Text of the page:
Those of us who opted for a city tour today sure got our money’s worth. Astana is an amazing city. Since becoming the capital of Kazakhstan sixteen years ago, this sleepy village on the steppe has morphed into an architect’s dream world.
Our first stop was along the river near where Larry & I had strolled yesterday. A guy was fishing. Across the river from him was a swimming beach. Although it had been brimming with swimmers during yesterday’s afternoon heat, we were advised not to swim in the water. Even Werner, who swims every chance he can, heeded the warning. Four towers with ribbon like swirls decorating the glass faced the river.
While in the bus we passed many homes that looked like ones being built in Georgia. Then we passed a huge mosque under construction. In Kazakhstan, six or seven religions are “recognized” by the state. That means that their facilities are built using taxpayer money. I couldn’t get a straight answer when I asked our guide who determines who gets a bigger building: Russian Orthodox, Muslim, or another faith. Even with our gray areas in the United States, I prefer the concept of separation of church and state.
A huge paver stone surfaced plaza is being built on one end of town. Unique buildings such as a space ship looking arts center and diamond decorated multipurpose facility anchor the perimeter. The modernistic buildings are softened by metal sculptures in front of sweeping arches.
We saw many billboards touting “Astana 2030.” That’s when they plan to have the city “done.” They’re quite far along compared to the scale model we saw at our next stop, the observation tower. Not only beautiful from the outside, the white, spiked orb had exquisite marble inlaid floors inside.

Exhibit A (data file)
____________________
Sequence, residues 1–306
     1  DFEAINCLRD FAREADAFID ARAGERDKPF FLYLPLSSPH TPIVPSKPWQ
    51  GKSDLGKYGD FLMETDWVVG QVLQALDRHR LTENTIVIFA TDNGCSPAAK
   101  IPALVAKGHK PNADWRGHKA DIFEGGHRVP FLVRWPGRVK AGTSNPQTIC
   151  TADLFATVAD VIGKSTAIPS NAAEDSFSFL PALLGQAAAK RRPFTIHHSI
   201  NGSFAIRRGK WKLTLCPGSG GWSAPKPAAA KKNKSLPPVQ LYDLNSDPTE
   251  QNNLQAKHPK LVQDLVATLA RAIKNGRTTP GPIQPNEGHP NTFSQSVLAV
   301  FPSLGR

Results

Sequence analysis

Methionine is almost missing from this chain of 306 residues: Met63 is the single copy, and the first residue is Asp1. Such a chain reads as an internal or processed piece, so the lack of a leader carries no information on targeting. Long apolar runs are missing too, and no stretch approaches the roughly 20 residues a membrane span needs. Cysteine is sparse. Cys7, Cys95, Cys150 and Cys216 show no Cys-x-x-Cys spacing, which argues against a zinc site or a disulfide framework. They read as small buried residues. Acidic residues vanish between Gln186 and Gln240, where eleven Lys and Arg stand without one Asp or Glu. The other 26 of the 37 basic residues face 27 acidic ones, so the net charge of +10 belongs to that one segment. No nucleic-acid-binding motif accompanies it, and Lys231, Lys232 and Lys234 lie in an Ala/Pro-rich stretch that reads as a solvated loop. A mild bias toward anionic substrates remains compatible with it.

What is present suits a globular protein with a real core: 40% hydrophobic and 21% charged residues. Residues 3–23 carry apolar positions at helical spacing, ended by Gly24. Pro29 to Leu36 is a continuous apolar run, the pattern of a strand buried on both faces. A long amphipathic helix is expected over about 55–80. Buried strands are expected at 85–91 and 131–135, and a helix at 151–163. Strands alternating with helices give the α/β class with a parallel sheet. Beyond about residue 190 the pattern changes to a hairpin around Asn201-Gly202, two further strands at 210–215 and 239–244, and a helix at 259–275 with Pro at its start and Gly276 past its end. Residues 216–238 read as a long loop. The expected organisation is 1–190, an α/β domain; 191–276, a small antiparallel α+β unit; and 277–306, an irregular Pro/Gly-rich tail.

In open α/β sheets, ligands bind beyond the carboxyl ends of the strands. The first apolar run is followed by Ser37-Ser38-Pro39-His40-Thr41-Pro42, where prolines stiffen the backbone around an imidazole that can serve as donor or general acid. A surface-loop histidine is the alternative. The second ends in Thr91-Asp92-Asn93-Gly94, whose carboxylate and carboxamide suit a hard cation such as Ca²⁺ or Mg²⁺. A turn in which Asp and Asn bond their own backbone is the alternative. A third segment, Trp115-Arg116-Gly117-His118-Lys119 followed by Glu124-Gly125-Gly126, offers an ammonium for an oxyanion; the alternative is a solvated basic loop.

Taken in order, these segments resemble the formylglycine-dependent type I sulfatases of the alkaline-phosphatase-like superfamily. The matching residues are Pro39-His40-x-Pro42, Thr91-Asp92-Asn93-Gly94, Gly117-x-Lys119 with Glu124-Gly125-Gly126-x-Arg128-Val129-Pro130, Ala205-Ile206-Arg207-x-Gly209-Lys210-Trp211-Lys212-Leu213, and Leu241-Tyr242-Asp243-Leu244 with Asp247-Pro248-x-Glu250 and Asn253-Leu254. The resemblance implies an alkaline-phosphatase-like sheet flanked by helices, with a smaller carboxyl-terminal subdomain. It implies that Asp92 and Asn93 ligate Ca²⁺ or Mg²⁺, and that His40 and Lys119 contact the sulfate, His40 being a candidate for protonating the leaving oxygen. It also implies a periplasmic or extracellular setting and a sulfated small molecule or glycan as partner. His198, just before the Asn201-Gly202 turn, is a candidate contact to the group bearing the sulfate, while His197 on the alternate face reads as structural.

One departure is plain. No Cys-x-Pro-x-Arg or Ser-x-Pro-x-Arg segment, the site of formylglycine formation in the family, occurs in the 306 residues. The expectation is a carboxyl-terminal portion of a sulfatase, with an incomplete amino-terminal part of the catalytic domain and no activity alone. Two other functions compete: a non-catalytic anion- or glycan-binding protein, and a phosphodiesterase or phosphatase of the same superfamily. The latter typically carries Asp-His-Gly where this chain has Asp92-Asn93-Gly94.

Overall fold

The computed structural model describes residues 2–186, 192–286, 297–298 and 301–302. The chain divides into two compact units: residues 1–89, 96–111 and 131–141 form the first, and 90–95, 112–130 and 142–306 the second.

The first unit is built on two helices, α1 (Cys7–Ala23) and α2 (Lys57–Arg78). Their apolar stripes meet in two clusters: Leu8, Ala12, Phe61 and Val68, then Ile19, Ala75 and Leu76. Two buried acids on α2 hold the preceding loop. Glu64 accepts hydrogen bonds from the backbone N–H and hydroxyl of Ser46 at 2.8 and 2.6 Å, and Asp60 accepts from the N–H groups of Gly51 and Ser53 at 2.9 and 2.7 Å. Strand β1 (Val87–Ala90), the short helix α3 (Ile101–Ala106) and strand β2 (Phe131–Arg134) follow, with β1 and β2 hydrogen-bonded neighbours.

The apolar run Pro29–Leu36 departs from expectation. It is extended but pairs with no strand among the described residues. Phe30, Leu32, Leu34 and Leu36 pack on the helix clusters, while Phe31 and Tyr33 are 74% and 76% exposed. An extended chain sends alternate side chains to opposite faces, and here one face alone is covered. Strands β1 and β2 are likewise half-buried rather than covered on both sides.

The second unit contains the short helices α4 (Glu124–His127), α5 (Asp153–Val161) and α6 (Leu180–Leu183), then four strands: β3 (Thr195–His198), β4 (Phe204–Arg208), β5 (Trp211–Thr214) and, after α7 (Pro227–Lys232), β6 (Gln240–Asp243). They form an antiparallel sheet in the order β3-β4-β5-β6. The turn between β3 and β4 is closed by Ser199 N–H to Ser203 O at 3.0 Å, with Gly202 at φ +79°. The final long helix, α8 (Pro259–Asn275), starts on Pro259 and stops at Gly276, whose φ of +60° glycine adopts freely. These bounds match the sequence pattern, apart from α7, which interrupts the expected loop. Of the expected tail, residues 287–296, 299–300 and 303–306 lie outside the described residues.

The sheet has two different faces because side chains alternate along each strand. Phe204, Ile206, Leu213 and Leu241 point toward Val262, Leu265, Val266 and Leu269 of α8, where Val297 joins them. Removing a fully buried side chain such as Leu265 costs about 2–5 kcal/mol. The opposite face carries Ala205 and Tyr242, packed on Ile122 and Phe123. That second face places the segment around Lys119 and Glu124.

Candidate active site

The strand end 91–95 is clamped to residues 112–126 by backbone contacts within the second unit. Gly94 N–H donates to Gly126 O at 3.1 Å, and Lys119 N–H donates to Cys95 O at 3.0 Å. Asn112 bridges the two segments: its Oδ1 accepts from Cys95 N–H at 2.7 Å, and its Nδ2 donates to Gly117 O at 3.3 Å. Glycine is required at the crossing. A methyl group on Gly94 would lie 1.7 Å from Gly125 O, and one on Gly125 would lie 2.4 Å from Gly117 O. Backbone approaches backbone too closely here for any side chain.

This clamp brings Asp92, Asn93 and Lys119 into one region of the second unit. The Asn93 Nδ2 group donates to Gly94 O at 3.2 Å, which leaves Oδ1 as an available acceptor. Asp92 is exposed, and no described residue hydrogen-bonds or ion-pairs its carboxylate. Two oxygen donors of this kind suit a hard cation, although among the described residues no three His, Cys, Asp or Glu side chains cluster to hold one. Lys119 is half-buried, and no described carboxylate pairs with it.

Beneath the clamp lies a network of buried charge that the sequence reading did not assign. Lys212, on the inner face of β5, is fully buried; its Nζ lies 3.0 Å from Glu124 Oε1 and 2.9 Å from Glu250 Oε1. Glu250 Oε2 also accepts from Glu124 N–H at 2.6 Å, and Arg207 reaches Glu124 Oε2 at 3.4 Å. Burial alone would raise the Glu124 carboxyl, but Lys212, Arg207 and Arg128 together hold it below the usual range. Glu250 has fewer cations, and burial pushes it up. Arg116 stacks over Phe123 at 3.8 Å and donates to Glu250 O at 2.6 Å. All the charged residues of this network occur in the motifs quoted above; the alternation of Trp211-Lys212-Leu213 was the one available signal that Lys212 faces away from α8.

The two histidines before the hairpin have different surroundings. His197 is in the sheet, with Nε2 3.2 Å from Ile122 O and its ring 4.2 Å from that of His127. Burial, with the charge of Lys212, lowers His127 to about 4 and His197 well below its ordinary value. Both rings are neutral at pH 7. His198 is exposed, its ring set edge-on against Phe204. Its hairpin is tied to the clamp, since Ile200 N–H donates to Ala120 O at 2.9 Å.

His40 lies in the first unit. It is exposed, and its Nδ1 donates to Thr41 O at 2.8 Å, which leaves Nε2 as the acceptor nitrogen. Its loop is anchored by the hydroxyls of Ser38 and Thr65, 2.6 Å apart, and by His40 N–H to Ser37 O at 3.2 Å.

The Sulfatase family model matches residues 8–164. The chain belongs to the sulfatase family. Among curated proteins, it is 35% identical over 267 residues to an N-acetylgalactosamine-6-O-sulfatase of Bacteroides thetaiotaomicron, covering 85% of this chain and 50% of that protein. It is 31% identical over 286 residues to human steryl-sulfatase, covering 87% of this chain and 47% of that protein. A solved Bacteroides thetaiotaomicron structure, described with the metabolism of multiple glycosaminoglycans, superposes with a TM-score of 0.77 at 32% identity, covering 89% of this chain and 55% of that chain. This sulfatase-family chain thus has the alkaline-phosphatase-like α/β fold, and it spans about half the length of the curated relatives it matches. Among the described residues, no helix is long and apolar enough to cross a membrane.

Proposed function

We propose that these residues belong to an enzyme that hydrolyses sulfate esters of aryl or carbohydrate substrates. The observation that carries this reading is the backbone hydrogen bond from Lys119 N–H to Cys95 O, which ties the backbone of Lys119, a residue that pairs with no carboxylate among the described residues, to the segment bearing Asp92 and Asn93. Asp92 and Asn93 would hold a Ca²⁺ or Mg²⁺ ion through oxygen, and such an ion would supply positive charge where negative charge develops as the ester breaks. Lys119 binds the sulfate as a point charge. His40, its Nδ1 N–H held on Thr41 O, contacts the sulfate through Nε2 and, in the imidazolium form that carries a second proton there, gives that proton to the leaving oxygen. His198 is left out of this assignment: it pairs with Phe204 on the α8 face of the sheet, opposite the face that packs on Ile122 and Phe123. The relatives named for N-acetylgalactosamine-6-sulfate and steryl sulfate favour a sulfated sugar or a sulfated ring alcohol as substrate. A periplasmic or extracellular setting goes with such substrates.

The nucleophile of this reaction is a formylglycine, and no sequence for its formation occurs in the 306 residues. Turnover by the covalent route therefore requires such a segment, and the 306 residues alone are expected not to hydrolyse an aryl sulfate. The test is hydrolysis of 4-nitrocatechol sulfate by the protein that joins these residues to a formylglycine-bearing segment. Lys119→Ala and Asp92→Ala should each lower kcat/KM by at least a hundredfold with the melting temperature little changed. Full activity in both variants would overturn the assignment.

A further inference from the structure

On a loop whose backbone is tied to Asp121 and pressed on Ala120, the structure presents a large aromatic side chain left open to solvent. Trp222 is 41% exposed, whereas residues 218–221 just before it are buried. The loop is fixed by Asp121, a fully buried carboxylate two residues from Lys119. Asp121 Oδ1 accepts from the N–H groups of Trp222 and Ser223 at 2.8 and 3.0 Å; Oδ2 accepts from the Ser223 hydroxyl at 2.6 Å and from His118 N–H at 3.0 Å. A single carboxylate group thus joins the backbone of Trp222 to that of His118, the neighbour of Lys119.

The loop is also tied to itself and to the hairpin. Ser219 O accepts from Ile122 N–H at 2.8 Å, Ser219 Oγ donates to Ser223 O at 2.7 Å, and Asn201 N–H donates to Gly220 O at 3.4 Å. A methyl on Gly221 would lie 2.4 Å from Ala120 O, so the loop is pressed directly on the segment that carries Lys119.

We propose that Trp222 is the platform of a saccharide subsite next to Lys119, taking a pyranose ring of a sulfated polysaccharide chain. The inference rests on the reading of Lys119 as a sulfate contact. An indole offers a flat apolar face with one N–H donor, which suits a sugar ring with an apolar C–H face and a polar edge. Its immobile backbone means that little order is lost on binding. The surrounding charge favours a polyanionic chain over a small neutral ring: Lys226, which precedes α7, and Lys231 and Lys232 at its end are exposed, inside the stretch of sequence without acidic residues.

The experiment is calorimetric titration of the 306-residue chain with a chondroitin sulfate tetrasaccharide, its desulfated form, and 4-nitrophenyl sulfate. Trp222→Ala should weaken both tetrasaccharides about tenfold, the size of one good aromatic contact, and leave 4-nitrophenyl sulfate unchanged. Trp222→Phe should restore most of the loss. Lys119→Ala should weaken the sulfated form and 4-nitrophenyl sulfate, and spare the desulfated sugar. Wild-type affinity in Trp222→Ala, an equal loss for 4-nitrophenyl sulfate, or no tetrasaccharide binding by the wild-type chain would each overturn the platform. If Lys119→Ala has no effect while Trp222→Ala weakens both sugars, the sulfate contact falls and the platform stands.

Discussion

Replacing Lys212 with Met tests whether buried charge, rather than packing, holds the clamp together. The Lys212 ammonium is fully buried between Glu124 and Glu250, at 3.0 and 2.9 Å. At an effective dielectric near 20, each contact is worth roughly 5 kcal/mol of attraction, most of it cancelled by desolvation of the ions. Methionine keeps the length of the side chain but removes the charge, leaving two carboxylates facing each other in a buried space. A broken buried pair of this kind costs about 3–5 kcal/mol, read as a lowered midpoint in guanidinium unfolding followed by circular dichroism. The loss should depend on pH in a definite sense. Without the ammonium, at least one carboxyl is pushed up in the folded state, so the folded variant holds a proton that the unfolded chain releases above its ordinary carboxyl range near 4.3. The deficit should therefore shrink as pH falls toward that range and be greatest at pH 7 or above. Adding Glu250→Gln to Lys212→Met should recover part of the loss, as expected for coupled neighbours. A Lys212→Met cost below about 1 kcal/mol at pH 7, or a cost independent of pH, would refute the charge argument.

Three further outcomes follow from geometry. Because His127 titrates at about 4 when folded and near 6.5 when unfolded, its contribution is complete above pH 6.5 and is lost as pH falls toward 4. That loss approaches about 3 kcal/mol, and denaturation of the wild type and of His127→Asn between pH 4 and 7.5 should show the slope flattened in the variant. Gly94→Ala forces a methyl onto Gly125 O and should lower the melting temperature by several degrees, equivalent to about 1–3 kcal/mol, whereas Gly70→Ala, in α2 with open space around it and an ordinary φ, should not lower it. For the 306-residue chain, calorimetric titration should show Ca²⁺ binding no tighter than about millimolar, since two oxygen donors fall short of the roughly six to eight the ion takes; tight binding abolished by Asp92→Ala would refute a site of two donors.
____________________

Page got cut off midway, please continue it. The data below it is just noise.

On the observation floor, the 360 degree view was breathtaking. Twin gold towers appeared as pillars framing the main walkway. A commemorative of a world religion conference was also housed on this level. All major, and many smaller, world religions seemed to be recognized.
What tour is complete without a stop at a gift shop? In this case, our final stop was the futuristic shopping center totally opposite the city from the sculptures seen earlier. At first glance, it looked more like a sports facility. Once inside, we knew the intent was retail success, and lots of it. Instead of sculptures made of metal, this end of the city plan had sculpted topiary love birds.
Our tour complete, Larry & I headed for the Line Brew Restaurant & Brew House. We had savored Kazakh Line Brew beer earlier. Now we used it to wash down the best steak we had eaten since Argentina.
In Astana, as in several KZ cities, ducts above the ground carry heat from a central heat plant to individual buildings. They did not seem particularly well insulated. I wonder how much heat actually gets to a location when it travels through air temperatures that dip to -50F?
Right across from our hotel was a shopping mall. I was looking for bottled water. Larry was looking at the scenery inside the mall — tall, long-legged, bleached blonde women wearing short skirts and spike heels.
Outside, we both enjoyed the bountiful pots of flowers and this statue of a little boy on top of a Siberian Husky. Hmmm – we’re only two days’ riding from Siberia. Seems appropriate.
8 Jul Astana rest day
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